|Author Fabian Boutilier and Artist JJ Lee|
Fabian Boutilier is the author of the mystical children's story The White Tortoise of Ch'u. He approached artist JJ Lee about creating the illustrations for the story which are currently on exhibit at loop Gallery.
Ingrid: What motivated you to write a children's story?
Fabian: To be honest, I don't really think of the Ch'u story as a children's story. When I wrote it, certainly, I didn't sit down with the intention of writing a children's story. I had been reading the Chinese philosophers at the time - Confucius, Lao Tzu, Mencius and, of course, Chuang Tzu. It was an anecdote I had read in Chuang Tzu concerning a sacred tortoise that prompted me to write "The White Tortoise of Ch'u". If, at the time, you had asked me what I was writing, I would have said simply a story. If you pressed me, I might have said a folktale. It never would have occurred to me to say I was writing a children's story. I did, however, read the story once to a gathering of friends that included writers, artists, academics and several of their children. The youngest of the children was about 7, I think, and the oldest 11 or thereabouts. I was surprised at their enthusiastic response to the story. That, I suppose, was when it first occurred to me that the story might find a young audience. I understand that, ever since the Brothers Grimm, the link between the folktale and children has become stronger so that, today, to say "folktale" or "fable" is, for many, to say "children's story". Still, I resist the idea that this is a children's story. A fable, sure; a folktale, yes: but not a children's story. The story wants readers; the story doesn't care how old or young those readers might be.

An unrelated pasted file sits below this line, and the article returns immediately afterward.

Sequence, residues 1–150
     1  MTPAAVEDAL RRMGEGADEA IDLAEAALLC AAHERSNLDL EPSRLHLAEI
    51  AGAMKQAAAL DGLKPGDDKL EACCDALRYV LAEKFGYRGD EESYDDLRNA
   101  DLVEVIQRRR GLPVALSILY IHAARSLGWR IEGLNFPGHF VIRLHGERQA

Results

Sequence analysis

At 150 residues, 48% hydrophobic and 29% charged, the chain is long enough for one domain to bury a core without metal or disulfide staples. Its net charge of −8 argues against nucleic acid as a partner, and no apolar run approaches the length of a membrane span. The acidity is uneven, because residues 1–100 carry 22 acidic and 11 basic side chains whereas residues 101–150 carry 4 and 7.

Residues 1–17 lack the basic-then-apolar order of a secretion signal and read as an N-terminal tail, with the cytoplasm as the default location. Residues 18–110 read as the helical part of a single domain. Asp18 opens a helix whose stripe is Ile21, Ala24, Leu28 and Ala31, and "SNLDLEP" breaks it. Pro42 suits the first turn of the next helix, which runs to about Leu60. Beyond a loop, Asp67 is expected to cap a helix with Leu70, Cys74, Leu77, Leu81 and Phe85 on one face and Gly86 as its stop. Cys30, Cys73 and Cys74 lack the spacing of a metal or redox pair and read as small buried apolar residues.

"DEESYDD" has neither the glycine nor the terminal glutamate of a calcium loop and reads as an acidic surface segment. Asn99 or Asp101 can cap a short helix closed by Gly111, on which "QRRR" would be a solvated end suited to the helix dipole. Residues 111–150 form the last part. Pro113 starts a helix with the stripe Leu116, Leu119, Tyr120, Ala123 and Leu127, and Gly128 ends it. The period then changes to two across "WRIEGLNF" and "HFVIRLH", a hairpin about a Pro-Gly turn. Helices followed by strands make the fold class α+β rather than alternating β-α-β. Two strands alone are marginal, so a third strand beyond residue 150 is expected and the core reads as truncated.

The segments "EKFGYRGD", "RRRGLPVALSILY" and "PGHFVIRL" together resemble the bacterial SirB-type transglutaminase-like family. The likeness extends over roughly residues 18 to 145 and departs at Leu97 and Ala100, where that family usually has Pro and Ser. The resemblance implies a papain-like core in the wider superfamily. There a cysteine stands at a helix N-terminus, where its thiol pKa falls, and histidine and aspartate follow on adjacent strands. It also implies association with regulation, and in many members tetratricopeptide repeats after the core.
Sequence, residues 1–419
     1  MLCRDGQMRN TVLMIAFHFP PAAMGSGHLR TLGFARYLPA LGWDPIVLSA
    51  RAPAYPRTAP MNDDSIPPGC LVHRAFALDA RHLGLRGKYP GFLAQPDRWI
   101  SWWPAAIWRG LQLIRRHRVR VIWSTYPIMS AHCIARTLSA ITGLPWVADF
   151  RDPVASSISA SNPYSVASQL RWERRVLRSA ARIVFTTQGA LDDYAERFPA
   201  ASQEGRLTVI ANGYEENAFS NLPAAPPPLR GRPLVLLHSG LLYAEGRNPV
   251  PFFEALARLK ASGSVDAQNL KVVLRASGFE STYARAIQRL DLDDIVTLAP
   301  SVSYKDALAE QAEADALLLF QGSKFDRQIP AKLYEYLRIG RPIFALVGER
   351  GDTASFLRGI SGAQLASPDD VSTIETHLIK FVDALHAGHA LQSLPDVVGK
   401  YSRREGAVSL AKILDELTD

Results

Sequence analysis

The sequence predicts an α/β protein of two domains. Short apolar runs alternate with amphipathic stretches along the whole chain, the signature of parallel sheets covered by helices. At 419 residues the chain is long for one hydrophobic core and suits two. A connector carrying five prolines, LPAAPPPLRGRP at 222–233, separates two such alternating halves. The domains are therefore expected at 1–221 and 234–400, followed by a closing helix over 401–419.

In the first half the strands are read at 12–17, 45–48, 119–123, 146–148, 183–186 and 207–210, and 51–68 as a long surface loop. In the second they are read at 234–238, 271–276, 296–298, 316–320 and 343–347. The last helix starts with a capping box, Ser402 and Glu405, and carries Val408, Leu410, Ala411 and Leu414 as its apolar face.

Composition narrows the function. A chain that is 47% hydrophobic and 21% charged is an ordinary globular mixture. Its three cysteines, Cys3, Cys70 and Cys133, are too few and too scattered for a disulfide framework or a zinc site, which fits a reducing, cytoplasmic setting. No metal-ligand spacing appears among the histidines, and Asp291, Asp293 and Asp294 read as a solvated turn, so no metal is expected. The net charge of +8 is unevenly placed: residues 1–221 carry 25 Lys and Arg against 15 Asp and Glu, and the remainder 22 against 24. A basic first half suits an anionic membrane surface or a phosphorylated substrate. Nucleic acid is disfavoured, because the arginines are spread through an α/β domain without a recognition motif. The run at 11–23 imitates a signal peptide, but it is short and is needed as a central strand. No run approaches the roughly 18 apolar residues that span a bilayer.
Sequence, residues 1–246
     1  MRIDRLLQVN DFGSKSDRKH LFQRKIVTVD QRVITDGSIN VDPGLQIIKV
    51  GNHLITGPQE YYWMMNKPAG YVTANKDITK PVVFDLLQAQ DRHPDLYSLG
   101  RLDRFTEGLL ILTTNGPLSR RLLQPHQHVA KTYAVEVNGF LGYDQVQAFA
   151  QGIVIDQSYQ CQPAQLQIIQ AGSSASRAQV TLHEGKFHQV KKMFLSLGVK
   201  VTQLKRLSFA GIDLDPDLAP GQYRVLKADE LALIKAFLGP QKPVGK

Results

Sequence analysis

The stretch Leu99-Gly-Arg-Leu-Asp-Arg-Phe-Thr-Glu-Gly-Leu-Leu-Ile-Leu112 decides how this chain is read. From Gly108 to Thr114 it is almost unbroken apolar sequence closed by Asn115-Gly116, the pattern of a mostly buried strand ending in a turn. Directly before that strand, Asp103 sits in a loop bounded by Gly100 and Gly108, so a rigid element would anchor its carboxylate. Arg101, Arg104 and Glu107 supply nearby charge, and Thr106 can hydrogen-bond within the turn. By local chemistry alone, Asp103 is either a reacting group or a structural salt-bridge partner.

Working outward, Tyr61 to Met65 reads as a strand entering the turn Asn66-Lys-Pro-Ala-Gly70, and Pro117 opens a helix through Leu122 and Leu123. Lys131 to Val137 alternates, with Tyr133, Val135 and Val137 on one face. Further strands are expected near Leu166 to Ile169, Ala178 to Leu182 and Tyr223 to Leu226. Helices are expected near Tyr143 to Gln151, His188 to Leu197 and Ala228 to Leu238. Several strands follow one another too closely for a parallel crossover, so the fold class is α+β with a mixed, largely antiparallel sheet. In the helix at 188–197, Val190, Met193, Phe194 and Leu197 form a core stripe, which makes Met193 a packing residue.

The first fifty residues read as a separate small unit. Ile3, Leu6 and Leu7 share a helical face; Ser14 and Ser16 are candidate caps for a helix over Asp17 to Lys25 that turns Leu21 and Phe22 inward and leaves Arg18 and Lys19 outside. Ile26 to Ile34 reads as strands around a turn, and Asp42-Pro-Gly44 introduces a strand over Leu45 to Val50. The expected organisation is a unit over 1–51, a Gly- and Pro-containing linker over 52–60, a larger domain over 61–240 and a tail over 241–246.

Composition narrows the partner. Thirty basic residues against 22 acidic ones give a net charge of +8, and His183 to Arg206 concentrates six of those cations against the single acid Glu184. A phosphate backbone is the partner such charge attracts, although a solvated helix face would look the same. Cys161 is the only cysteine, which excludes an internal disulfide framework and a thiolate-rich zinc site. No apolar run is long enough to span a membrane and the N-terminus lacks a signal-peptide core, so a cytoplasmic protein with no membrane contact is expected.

Ingrid: Can you give a brief description of the story of The Tortoise of Ch'u.
Fabian: "The White Tortoise of Ch'u" is the story of a sacred tortoise that is kept in the imperial palace by the King of Ch'u. Highly prized for his white shell and his skill at divination, the tortoise is kept on a silk cushion and eats oysters off a bronze shovel. Despite the comfort - indeed, luxury - of his situation, the tortoise is not happy. No one knows of the tortoise's unhappiness - does anyone even care? - until, one day, a musician arrives at court and plays a song called "Wagging My Tale in the Mud". A conversation between the tortoise and the musician ensues, the musician learns of the tortoise's plight and - well, I'll stop there since I wouldn't want to give the story's ending away.
Ingrid: Is this your first children's story?
Fabian: I've long admired the folktale and the fable as a literary form. This is neither my first nor my only story of this kind. JJ and I have already talked about our next project.
Ingrid: Your brief bio on the press release mentions that you are an author and a playwright. What other type of work have you had published or performed?
Fabian: For a brief time, in the 80s, I was associated with the Theatre Centre. I wrote, produced and directed my own work. It was all very experimental (or so we thought), very avant garde, very black box. I haven't written for the theatre in many years. I miss my theatre days. My one claim to fame is that I was one of the founders of the annual Rhubarb festival. I also claim to have been the one who named the festival, however, there are some who would dispute this. I wrote, among others, the plays "Gina Lolabrigida" and "Ah But It Sings But It Sings Luvena" which was published in Rhubarb-O-Rama. To give you an idea of the sort of plays these were, pages of the Luvena play were transposed in the published version and it hardly makes any difference at all. Since leaving the theatre, I have continued to write but no longer write plays. I write short, short stories or what, today, are commonly called metafictions and stories like the Ch'u story. I have a collection of metafictions, titled "The Ovation", and a collection of folktales titled "A Sack of Tears & Other Tales".